Creating More Resilient Communities Through Optimized Drainage Design

By Supporting Green Stormwater Infrastructure

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November 4, 2021 | Meg Riley

5 minute read

Water is our most valuable resource. Thus, for decades, our government has been concerned with our water systems, particularly with the public safety of clean drinking water and healthy wastewater systems. The latest development in this pursuit is the Drinking Water and Wastewater Infrastructure Act of 2021, section 214 of the Infrastructure Investment and Jobs Act (IIJA), which pertains to improving environmental and public health.  

More directly, it states, “This bill reauthorizes or establishes a variety of programs for water infrastructure. Specifically, it supports programs to provide safe drinking water or treat wastewater, such as sewer overflows or stormwater.”1   

While hosting a virtual event, discussing the details of this bill and its potential grant funding for municipalities, Ryan Brown, Innovyze Solutions Engineer focused on stormwater, in general, and making things more resilient for communities. In relation to section 50205 in the bill, Brown explained that, They’re basically amending some parts of the clean water act and allocating some grant money. There’s a section [section 50205] that allows municipalities to use these funds to enhance their stormwater management system.”  

The goal is to, ultimately, help communities become more resilient using improved technology.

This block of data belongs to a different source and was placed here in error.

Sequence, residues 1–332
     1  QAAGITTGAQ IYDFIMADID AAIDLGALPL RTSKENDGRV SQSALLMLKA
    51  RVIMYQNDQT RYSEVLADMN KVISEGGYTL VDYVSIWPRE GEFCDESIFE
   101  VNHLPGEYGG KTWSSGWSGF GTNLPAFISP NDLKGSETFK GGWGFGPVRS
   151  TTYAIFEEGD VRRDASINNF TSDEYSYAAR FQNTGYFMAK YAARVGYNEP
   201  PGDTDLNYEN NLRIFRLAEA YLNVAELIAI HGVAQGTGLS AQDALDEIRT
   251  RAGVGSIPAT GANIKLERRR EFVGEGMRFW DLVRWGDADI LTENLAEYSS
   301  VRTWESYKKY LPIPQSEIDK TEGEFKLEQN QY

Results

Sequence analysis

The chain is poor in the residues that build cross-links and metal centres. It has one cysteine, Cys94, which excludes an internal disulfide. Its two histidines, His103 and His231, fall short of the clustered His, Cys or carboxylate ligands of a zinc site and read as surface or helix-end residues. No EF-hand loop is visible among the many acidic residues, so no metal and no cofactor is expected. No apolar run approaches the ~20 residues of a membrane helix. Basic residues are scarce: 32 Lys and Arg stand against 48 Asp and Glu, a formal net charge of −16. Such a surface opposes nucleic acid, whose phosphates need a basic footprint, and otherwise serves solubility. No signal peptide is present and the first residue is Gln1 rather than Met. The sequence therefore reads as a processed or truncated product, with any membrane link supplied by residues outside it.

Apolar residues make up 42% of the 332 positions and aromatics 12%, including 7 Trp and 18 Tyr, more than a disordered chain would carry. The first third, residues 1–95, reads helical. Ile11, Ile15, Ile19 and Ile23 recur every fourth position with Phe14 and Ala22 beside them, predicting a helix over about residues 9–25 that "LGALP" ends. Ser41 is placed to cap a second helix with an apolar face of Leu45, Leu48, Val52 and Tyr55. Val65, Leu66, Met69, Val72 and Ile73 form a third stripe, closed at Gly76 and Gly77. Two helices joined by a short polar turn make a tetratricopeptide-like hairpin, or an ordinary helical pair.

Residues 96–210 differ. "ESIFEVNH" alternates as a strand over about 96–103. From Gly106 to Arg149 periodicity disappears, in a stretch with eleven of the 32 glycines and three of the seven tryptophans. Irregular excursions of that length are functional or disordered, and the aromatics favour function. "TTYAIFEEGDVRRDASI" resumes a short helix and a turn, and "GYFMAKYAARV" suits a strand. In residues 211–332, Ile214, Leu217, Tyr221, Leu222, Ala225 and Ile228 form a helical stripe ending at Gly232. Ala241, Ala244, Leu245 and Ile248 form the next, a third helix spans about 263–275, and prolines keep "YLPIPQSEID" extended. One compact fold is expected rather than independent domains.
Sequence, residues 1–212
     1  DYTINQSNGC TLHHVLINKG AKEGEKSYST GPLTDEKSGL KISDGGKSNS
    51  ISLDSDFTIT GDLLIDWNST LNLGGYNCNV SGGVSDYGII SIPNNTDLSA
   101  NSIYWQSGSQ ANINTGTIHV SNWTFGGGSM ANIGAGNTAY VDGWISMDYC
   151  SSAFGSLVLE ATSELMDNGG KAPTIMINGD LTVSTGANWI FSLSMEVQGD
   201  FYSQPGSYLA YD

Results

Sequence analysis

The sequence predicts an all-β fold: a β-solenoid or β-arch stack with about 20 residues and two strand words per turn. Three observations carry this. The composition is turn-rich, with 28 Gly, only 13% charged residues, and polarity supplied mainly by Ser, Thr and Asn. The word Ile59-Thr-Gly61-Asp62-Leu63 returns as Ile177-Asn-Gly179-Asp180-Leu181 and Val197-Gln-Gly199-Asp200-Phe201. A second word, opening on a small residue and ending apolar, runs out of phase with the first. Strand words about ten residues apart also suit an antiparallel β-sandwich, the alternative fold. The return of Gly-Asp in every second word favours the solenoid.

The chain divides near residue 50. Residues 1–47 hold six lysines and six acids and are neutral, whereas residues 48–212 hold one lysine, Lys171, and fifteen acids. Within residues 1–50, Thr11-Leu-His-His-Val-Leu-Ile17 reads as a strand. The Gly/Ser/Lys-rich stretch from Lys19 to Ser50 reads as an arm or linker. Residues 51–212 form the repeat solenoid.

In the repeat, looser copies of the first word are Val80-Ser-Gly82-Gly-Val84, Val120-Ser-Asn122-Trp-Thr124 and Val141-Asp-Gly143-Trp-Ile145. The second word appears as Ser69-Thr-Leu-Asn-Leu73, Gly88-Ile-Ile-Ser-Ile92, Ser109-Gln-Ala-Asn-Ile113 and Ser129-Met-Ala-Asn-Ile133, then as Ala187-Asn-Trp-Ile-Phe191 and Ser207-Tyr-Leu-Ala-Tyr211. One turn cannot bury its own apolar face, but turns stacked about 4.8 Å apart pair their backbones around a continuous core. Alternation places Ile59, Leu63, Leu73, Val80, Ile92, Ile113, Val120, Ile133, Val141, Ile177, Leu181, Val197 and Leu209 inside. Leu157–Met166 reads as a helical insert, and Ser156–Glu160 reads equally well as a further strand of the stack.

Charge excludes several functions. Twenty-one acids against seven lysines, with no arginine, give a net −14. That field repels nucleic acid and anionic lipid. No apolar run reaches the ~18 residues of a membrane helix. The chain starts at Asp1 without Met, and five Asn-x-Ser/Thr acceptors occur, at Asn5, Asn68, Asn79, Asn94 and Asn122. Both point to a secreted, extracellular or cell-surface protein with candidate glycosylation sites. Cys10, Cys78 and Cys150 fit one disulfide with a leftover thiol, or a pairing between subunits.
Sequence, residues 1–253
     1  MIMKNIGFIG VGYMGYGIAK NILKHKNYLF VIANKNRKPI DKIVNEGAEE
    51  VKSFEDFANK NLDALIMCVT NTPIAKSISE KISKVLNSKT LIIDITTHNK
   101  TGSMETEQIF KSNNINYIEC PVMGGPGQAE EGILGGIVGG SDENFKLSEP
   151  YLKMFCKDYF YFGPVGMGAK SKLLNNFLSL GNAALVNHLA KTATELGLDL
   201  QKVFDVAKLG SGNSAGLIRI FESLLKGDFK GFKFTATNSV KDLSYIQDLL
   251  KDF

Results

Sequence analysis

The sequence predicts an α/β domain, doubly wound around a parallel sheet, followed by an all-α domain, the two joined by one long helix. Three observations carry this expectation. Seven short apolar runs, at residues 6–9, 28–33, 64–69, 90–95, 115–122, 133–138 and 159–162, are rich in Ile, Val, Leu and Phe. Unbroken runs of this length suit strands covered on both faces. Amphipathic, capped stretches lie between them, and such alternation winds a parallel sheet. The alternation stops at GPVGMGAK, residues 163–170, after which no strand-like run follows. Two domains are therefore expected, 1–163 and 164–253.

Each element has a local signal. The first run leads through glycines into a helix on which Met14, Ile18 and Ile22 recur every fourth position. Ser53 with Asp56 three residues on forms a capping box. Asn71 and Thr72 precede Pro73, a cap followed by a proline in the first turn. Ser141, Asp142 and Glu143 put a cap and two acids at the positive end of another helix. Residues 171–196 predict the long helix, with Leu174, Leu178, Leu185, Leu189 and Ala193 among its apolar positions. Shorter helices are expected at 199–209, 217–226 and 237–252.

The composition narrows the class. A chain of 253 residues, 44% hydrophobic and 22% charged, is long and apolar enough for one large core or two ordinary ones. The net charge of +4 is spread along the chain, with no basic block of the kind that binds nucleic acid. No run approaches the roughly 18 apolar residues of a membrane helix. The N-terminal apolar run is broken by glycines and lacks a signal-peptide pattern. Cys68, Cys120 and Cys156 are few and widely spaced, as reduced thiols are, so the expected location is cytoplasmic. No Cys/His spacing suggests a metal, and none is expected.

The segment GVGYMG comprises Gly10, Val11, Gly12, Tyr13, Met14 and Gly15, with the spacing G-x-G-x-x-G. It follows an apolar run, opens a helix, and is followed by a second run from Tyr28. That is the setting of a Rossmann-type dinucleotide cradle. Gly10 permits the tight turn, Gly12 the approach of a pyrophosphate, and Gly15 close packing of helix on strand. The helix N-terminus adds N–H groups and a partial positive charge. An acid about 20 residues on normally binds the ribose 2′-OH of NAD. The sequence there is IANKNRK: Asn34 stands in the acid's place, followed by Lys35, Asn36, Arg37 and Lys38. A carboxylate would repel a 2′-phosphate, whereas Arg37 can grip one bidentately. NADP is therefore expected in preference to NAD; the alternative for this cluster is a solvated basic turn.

Optimize Sustainable Drainage Design 
To support this effort, and help communities become more resilient, Brown hosted a virtual event to discuss drainage design options using an enhanced software solution. This software allows its users to design systems quickly, easily, and confidently by providing design wizards, auditing, and validation tools. With this industry-leading drainage design software, plans are approved faster. 

Additionally, when designing and editing a model, the user is able to compare and contrast approaches during the planning phase. Brown explains, “We could go into the ‘comparison report’ and we can really quickly compare the two results side-by-side, instead of haviwng multiple versions of the model.” This function allows the team to easily make comparisons and create reports for a submittal which will eliminate slowed-down progress during inevitable design revisions caused by external project factors.